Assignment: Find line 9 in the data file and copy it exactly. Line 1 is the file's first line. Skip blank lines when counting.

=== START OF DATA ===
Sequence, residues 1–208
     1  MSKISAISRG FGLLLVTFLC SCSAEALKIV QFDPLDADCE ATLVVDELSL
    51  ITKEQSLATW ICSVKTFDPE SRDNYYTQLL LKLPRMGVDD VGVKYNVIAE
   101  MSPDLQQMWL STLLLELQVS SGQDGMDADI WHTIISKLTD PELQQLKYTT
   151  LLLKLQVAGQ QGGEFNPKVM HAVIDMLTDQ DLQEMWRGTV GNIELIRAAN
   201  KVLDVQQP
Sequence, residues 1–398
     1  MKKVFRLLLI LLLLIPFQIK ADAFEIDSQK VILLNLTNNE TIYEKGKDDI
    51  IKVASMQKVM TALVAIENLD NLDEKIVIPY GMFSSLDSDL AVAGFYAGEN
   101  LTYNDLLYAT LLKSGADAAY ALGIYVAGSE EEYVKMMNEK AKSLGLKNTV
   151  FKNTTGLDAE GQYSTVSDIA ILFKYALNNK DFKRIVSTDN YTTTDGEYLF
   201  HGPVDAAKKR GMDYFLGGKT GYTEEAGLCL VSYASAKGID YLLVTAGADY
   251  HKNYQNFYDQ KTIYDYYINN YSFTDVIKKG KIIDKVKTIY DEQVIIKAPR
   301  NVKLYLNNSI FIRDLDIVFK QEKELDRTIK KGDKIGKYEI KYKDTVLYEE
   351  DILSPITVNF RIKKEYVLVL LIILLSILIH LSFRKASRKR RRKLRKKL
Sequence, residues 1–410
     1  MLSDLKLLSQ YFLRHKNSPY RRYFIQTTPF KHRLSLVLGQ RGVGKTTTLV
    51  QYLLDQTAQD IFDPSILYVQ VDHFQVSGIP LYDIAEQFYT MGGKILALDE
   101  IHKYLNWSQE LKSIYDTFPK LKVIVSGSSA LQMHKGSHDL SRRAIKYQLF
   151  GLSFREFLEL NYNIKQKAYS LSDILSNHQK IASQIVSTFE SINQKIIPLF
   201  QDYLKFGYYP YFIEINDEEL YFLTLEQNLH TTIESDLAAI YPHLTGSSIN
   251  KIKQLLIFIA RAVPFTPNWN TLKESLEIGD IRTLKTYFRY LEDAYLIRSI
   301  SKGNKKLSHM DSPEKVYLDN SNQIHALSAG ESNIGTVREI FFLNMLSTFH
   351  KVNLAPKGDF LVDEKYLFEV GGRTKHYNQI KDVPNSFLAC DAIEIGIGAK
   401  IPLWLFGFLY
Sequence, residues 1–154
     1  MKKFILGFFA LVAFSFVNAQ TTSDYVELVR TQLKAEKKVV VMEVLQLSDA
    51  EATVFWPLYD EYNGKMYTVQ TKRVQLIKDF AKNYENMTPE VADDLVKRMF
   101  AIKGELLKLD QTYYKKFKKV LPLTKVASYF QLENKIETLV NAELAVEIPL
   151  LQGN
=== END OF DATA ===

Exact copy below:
    51  IKVASMQKVM TALVAIENLD NLDEKIVIPY GMFSSLDSDL AVAGFYAGEN